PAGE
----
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Indie Horror Month: 'Paranormal'

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Friday, Oct 12, 2012
Paranormal is about recreating the haunted house experience, and it does that exceptionally well. This is a very intimate piece of horror, since you’re the only real character.

Indie Horror Month continues this week with the still-in-development-but-still-really-good beta of Paranormal.


Paranormal is the gaming equivalent of Paranormal Activity: a found-footage ghost story. The two works actually complement each other quite well since the slow burn tension of the movie is the perfect primer for the game, which jumps right into the freaky stuff. You play as a man who suspects that his house is haunted, so he takes it upon himself to wander around at night to record the various weird things that happen. There are multiple pre-ordained hauntings that can happen in a room, but what you see at any given time is random. The fridge might burst open during one game but stay closed during another.
  
The conceit is handled nicely. There’s an added “camera shake” that mimics the motion of a handheld camera, causing the screen to drift and dip even when you’re standing still. It’s unsettling since it feels like you’re constantly out of control, and thankfully it’s an option that can be turned off. It’s a nice atmospheric touch, but it’s even nicer that the developer recognizes its limited appeal.


The camera has a battery, and once it runs out of charge, the game ends. Thus, it’s in your interest to explore and record as many things as possible in the time allowed (there are collectibles that display at the end, giving you an idea of how much of the game you just experienced). You recharge the battery by going to bed, thereby giving the camera time to charge, and then you return to the job the next night. Although given some of the horrible things you see, it’s beyond me why anyone would want to sleep in that house, but that kind of story detail is beside the point. Paranormal is about recreating the haunted house experience, and it does that exceptionally well.


The rougelike structure is a great idea. The game is quite short—about 15 minutes per playthrough—and this encourages you to play multiple times. The better you come to know the house, the scarier the game becomes because you’ll notice all the little changes around you. This can lead to some bizarre moments of delayed scares. The first time I played, I saw a statue in the yard outside my bedroom window and thought nothing of it; the second time I played, I saw that statue in my art studio and realized it had been moved to the yard. The effect was the same: tension generated by seeing inanimate objects move on their own. However, in this cause I saw it moving in reverse thanks to the “time loop” that is replaying a game. For Paranormal, this time loop enhances the horror, especially when a haunting that you’ve seen before doesn’t happen. Then all bets are off.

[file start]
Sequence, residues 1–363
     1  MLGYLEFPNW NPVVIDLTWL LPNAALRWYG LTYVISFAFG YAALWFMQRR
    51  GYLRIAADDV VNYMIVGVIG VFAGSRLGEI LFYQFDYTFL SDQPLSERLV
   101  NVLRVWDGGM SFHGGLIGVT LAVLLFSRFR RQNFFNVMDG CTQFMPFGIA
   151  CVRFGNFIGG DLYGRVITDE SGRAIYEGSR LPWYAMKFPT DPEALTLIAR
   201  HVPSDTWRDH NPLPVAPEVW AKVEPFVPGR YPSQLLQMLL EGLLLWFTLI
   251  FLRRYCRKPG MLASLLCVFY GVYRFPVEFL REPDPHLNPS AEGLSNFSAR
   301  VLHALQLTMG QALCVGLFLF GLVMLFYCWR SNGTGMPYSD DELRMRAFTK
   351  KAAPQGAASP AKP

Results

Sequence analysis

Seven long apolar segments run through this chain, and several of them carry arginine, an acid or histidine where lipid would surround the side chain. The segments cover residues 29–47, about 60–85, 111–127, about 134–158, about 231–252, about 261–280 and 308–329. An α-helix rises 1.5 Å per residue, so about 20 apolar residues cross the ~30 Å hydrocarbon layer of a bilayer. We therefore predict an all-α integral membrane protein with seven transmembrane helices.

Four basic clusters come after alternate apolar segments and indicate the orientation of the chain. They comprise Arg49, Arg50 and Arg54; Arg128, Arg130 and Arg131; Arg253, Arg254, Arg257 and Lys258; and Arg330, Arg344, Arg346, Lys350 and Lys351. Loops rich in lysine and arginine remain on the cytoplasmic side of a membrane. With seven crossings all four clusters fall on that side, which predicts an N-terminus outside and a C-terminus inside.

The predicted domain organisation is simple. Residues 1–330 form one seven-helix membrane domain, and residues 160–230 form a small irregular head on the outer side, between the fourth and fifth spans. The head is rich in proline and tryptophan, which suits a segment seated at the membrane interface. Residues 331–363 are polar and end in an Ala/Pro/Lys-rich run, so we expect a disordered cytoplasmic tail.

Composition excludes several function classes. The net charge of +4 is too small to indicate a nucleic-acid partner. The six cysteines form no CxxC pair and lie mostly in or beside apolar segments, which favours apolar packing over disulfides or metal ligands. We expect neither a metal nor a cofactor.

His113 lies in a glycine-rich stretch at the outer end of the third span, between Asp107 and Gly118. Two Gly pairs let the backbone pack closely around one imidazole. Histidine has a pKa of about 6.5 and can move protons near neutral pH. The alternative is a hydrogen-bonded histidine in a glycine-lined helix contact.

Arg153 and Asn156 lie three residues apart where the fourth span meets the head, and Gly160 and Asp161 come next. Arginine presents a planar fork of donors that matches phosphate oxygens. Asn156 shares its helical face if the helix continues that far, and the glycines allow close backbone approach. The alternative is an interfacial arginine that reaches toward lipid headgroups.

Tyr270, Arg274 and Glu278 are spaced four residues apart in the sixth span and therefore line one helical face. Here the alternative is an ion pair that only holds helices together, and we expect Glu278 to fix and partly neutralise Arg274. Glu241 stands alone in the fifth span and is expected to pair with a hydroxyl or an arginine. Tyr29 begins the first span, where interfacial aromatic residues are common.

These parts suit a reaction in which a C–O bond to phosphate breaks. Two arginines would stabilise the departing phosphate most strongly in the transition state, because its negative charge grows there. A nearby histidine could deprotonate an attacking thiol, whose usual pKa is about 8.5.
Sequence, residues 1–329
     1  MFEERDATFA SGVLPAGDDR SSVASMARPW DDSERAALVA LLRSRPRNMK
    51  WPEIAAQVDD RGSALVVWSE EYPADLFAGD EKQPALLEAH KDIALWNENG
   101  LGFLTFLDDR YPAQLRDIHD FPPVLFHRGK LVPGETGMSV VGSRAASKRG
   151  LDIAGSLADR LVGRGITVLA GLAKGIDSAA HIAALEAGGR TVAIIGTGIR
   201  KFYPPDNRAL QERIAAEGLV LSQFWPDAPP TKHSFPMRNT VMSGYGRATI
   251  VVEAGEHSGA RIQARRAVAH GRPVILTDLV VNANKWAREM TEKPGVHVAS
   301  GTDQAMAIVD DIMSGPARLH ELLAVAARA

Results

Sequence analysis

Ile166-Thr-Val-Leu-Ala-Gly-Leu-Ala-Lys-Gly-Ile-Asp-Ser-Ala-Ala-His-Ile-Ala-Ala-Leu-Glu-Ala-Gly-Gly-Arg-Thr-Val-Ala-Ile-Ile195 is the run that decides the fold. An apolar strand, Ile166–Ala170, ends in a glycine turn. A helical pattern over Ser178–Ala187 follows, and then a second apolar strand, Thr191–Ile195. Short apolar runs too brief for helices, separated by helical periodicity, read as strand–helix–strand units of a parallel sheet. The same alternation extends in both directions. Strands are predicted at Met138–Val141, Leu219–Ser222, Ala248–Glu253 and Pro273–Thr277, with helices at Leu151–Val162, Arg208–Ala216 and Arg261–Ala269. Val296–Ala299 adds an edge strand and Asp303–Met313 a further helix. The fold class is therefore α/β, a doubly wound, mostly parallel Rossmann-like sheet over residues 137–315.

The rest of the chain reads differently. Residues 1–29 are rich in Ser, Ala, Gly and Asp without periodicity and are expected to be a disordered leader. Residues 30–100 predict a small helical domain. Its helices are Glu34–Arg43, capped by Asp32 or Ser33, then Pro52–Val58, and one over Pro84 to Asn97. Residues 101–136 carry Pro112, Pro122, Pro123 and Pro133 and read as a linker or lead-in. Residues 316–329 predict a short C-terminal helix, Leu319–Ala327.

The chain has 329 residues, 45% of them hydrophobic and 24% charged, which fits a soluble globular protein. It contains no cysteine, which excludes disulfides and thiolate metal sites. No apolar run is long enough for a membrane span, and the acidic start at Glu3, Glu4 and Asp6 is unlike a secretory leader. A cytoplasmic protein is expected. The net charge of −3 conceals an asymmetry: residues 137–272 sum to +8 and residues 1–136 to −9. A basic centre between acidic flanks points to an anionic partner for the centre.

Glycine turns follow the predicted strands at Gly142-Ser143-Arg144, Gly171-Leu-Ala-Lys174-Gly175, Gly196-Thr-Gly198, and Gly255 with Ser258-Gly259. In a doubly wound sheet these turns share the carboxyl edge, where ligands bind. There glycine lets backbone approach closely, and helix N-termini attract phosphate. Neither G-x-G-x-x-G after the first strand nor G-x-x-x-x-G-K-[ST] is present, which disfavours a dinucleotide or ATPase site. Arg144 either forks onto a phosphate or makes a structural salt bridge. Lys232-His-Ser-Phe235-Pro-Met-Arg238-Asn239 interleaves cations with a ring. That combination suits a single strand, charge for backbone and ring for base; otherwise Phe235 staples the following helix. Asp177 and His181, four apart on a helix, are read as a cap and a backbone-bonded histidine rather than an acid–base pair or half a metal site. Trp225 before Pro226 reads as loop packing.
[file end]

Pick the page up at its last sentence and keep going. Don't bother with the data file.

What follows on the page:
There’s very little story beyond the initial conceit. You can find pages of a journal at random locations that explain the origins of the ghost, but they take time to read, and I’d rather investigate the flickering lights, personally. This is as it should be. Too much story would ruin the personal nature that makes this game so scary. It’s a very intimate piece of horror; you’re the only real character. There are no additional family members, no significant other, no priest, no gypsy, no medium, no exorcist.  It’s just you and the ghost.


It feels like you’re being taunted and hunted by something evil, and as more and more violent stuff happens around you, it’s hard not to take it personally. When paintings fly at you and chairs flip over in your direction, you get the sense that this entity takes personal offense to your mere presence.


Playing Paranormal is the first time I’ve ever felt hated in a game. I’ve played as lots of anti-heroes and jerks, but no other characters hate these protagonists. Disliked, yes—but never hated. I’ve played lots of horror games based on disturbing personal revelations. The town of Silent Hill is meant to be a unique personal hell for anyone who enters, but the town does this to everyone. I’m usually just some unlucky sap who stumbles into its borders. Its torture is impersonal. Not so in Paranormal. This thing just flat out fucking hates me. 


Which again begs the question, why stay and record it? This is certainly a valid question, and the answer is one of the most compelling things about the game: I want to see what happens next. Story motivation isn’t necessary because the rougelike structure itself provides a kind of meta-motivation. I want to see all the hauntings, find the collectables, and explore each corner. The same ludic motivations that drive me to put 100 hours into Skyrim or to collect all the flags in Assassin’s Creed also drive me to keep reentering this house of hate. When I first realized there was an attic I was terrified to go up there, but it was empty. Now I’m both anxious and excited to go back there because I know something has to happen there, and I want to see it.


Paranormal isn’t actually released yet, but you can buy and play the beta through the digital distribution service Desura. The structure is all there in fine form, even if some animations and graphics are a little rough (though the sound is already very effective).  The most interesting thing about it, though, is that I am this character. I’m motivated to record the ghost for personal reasons and that adds to personal fear Paranormal evokes. I already have undeniable proof of its existence, but I want to see what it’s capable of. I don’t care if it hates me. I want to push it further.


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